2. On the midterm, there will be a bonus question asking you to predict your exam score. You should fill this out during the exam.
  3. Pick up your midterm from section on Tuesday 11/13.
  4. Complete the Post-Midterm Reflection Survey on Canvas by Sunday November 18th at 11:30pm. This survey should take about 30 minutes and must be completed while looking over your graded exam.



Material from Weeks 1-5 is considered "fair game" for questions on the midterm. The actual midterm exam will have 6-8 total problems. Those problems will be selected from the following kinds of questions (and no other kinds of questions):

  • ArrayList "mystery" (look at a piece of code that uses ArrayLists, and write its output)
  • ArrayList programming (write a method that uses ArrayLists)
  • ArrayIntList programming (add a method to the ArrayIntList class from lecture)
  • Collection programming (write a method that uses Java collections such as Lists, Sets, and Maps)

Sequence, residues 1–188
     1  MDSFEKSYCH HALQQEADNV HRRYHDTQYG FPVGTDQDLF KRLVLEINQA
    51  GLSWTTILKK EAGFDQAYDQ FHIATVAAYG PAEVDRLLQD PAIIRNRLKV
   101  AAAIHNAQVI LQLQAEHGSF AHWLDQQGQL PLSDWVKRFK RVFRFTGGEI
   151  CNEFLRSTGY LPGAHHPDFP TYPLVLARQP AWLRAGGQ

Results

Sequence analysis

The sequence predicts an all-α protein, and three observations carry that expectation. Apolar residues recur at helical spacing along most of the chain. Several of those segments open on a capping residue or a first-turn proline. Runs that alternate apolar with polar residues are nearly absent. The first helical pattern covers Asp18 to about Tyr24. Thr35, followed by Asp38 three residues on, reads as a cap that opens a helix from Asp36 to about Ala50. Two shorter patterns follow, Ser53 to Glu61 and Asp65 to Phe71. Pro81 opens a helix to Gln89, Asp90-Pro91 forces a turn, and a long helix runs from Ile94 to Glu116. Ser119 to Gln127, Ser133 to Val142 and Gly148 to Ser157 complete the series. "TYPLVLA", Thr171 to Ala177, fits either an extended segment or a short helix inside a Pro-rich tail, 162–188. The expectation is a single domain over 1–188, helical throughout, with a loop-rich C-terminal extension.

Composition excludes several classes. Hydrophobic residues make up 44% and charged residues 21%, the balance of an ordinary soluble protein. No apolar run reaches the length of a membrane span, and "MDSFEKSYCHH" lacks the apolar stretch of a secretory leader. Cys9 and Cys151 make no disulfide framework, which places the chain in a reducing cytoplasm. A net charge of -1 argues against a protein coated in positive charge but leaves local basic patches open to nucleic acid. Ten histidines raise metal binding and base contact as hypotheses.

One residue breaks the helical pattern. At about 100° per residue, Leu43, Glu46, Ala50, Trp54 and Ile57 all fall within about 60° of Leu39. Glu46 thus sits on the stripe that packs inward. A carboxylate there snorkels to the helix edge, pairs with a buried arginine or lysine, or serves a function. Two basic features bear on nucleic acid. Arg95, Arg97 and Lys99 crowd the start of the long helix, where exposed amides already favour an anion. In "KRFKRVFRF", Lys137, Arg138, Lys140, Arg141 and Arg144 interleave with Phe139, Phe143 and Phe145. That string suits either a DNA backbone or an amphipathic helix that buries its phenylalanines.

• stack and queue programming (write a method that uses Stacks and Queues)
  • linked list node manipulation (write a few lines of code to change a "before" picture of some linked nodes into an "after" picture)
  • recursion tracing (look at a piece of recursive code, and write its output)
  • recursion programming (write a method that uses recursion)
  • The following topics are guaranteed NOT to be required to solve any problem on the midterm:
    • programming with inheritance (extending a class, etc.)
    • Inheritance/Polymorphism mystery
    • writing an interface (though you might have to write a method that accepts a parameter of interface type, such as List, Set, Map, etc.
    • testing, debugging, commenting
    • grammars
    • implementing Comparable (though you may have to be a client of TreeSet and/or TreeMap which require the elements to be comparable)
    • implementing sorting algorithms (though you may have to be a client of TreeSet and/or TreeMap which maintains the elements in sorted order
    • hashing